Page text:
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Simplifying The Group Payment Arrangement for Airlines

Group Payment Arrangement: The Solution to Cart Abandonment for Airlines


We've all been there - fantasising about booking flights with friends and family only to realise the costs of flights are higher than expected. No one in your booking group wants to be the lead booker and front the cost, so you all decide to take a raincheck and leave the trip as a pipedream.


This is all too common in the aviation industry, as there is a 90% abandoned cart rate. This is even more staggering given the average abandoned cart rate across all industries is 70.19%. This presents significant lost opportunities for airlines and revenue that has never come to fruition.


“But what does this have to do with group payments?”


The advantages of group payments for airline customers


Despite the popularity of solo travel, people still frequently travel in groups, with holidays being seen as the perfect time to visit friends and family. In fact, 40% of millennials planned to travel with friends between 2022-23. 


Group bookings often consist of families who are travelling in large groups of adults, with 70% of Gen X stating holidays are ‘family orientated’. In short, group bookings are the foundation of the aviation industry- yet are not accommodated for in payment processes. Paying as a group can be very inconvenient, especially for the lead booker, who must either wait for funds to be transferred before paying or foot the bill upfront- both of which can be off-putting.


This is where Hands In’s group payment arrangement comes in, allowing for payments to be split between a group. Rather than making lead bookers chase the funds- negatively affecting their customer experience due to upfronting these high costs and being left out of pocket- each group member is responsible for paying their share.


Why are split payments the future in merchant services for airlines?


By removing the frustrations of splitting payments as a group outside of the checkout, users benefit from a streamlined user experience, leading to less abandoned carts.


This naturally has a direct impact on revenue, meaning that more transactions are completed successfully and less carts being abandoned due to frustrations with the paying process or lack of funds. Overall, this is a much more positive customer experience, leading to higher rates of customer satisfaction.


Diagram showing how the legacy group booking process slows merchants down

You must be wondering why this hasn’t existed before. Well, it does in a legacy format, but these methods are far more labour-intensive than our group payment arrangement. Take easyJet’s group payments model, for example.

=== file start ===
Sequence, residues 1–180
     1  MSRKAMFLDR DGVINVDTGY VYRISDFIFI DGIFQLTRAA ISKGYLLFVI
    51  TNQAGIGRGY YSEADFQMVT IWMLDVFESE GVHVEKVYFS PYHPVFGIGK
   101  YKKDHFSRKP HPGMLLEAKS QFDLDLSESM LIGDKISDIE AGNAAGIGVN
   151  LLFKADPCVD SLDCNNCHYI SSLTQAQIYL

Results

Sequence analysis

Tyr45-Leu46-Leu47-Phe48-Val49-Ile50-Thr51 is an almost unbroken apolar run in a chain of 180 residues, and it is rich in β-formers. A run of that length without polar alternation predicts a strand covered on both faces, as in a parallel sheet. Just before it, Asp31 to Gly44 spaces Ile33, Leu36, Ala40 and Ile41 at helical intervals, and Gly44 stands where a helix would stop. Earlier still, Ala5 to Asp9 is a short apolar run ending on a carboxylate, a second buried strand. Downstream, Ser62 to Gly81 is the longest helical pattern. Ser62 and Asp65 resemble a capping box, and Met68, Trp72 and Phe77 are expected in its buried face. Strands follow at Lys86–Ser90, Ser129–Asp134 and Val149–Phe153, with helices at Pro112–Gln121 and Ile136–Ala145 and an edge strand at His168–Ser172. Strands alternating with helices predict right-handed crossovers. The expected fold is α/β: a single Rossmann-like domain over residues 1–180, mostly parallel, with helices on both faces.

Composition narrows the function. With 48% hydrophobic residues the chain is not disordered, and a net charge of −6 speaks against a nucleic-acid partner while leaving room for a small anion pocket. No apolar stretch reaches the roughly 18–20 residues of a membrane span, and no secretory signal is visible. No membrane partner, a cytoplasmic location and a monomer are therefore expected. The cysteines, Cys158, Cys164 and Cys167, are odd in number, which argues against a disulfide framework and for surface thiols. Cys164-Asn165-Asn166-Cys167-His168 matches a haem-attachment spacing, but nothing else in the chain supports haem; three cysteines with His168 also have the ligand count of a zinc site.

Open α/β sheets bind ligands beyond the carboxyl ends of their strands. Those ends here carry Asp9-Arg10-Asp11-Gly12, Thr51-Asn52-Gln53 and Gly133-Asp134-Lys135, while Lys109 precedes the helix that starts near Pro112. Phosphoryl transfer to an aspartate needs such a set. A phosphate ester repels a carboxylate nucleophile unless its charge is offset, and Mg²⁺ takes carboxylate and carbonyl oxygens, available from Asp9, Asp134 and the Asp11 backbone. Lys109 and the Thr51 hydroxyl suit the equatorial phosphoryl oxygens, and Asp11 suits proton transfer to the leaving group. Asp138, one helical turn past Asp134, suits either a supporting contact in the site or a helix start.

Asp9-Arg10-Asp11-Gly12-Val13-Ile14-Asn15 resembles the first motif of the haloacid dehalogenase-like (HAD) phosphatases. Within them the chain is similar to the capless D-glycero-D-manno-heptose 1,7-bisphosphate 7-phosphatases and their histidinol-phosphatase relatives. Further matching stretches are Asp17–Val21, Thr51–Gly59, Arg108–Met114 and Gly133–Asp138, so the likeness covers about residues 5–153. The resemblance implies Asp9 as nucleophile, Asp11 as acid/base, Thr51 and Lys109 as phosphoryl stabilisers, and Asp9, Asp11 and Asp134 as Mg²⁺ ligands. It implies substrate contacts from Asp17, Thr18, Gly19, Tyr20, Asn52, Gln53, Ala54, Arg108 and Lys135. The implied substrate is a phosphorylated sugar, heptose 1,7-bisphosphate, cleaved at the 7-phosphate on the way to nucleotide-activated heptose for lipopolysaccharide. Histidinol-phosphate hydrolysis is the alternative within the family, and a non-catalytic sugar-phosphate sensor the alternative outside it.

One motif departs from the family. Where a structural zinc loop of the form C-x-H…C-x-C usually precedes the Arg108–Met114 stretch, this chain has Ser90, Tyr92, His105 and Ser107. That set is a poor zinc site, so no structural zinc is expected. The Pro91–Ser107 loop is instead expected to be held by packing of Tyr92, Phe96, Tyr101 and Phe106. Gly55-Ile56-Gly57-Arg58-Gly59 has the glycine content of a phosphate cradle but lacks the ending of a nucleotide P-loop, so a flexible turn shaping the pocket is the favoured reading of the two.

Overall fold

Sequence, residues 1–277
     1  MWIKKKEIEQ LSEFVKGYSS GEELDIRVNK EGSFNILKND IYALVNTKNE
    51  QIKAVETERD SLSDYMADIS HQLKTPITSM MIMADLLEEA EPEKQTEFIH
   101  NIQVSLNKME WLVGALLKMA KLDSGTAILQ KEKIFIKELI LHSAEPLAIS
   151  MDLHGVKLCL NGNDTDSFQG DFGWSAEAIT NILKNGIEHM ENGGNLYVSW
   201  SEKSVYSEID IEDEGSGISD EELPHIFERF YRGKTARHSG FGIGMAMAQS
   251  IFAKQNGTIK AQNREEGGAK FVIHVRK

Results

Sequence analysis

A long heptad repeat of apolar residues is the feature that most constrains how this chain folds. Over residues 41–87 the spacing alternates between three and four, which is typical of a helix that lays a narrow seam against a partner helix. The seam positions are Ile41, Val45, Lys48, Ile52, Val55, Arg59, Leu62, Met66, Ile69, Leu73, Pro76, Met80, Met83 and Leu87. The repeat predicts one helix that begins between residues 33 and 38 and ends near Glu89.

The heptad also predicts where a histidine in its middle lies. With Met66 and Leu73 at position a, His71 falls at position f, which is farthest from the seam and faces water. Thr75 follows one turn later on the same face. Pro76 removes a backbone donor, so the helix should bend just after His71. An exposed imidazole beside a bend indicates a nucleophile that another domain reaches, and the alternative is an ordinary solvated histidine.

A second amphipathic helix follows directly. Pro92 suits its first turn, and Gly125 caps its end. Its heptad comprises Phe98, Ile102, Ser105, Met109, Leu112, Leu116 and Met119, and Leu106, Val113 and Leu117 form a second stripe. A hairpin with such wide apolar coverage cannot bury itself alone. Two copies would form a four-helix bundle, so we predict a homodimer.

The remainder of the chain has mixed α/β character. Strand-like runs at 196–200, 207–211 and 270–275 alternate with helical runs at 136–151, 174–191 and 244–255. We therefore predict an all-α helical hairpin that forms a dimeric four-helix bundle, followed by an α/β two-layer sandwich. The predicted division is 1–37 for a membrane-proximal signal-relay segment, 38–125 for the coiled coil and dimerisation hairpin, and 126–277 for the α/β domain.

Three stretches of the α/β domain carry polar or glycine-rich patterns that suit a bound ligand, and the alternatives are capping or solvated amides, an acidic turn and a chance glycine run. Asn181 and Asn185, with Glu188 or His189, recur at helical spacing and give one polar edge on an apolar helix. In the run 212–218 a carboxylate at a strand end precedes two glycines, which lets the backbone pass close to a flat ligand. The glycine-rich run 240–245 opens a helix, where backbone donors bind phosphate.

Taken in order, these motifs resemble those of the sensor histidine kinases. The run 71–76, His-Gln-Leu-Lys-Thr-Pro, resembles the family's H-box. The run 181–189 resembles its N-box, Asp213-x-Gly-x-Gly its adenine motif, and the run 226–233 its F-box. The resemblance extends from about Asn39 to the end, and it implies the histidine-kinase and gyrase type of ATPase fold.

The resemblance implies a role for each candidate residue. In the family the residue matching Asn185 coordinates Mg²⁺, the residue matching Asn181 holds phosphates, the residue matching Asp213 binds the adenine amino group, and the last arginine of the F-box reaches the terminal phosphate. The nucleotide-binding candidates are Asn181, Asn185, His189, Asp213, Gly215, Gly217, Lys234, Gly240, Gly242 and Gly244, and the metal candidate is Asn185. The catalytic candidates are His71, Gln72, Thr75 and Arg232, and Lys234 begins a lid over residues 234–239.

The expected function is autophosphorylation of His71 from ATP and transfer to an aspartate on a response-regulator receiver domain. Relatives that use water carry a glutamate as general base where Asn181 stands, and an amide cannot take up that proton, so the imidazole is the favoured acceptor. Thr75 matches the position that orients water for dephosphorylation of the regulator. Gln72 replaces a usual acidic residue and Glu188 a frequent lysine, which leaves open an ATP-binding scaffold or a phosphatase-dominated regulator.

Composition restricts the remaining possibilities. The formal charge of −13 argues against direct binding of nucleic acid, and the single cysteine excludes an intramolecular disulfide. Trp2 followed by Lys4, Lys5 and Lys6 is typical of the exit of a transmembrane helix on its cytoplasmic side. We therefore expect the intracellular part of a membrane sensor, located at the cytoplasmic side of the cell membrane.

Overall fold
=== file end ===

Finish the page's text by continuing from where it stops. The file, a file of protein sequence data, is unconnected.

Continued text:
This involves multiple teams, six steps, and is catered towards larger bookings of around nine or above. This is costly for the airline and logistically difficult as multiple teams will need to be in communication over this single transaction.


Our group payments tool creates a digital experience that reduces these costs because airlines don’t need to use a direct sales channel. So, group payments not only add revenue and improve the booking experience, but also save money for airlines as the manual chasing of payments and reconciliation is all done in a real-time system. Not only this, but our solution is just as easy-to-use and effective for a group of three as it is for a group of nine and above.


British Airways also has a group payments function, but this has a minimum passenger number of 7 passengers, again failing to accommodate for smaller groups. This is a significant issue, as 59% of Gen Z and Millennials travel in groups of 3 or more. An issue which our group payments innovation addresses in full.


Steps showing how the pay per person process works

We can see Qantas is beginning to take notice of the demand for group payments in the image above. Their ‘Pay Per Person’ model works in a similar way to our group payments, which we’re delighted about, as it shows the group payment arrangement is beginning to gain traction in the aviation industry. Other airlines will begin to follow suit, leaving us in the perfect position to facilitate this.


How does a group payment arrangement work when booking flights?


A diagram showing how group payment arrangements work when booking flights

1.        The lead booker can select the option to pay as a group natively within checkout.

2.        They then invite the other members of their group. This can be done by SMS, Email, QR code, or by sharing a link.

3.        The merchant will set a deadline for all members to pay via their chosen method and Hands In will do the chasing with payment reminders.

4.        Customers can then split the payment by custom amounts or simply split it equally between them.

5.        Each customer joins within the booking window to pay their individual share.Hands In collect these funds and seamlessly transfer them to your connected payment infrastructure within the selected timeframe.

6.        The merchant receives real-time payment alerts up until the transaction is completed.


Not only this, but the merchant also has the option to white label this solution, making their brand and merchant services synonymous with innovation.


We are piloting this solution with a major Spanish airline that is part of the International Airlines Group, and we will have more data to follow.


To see how you can take the churn out of your payment process and watch your revenues incrementally increase, book a no-obligation demo with Hands In here.

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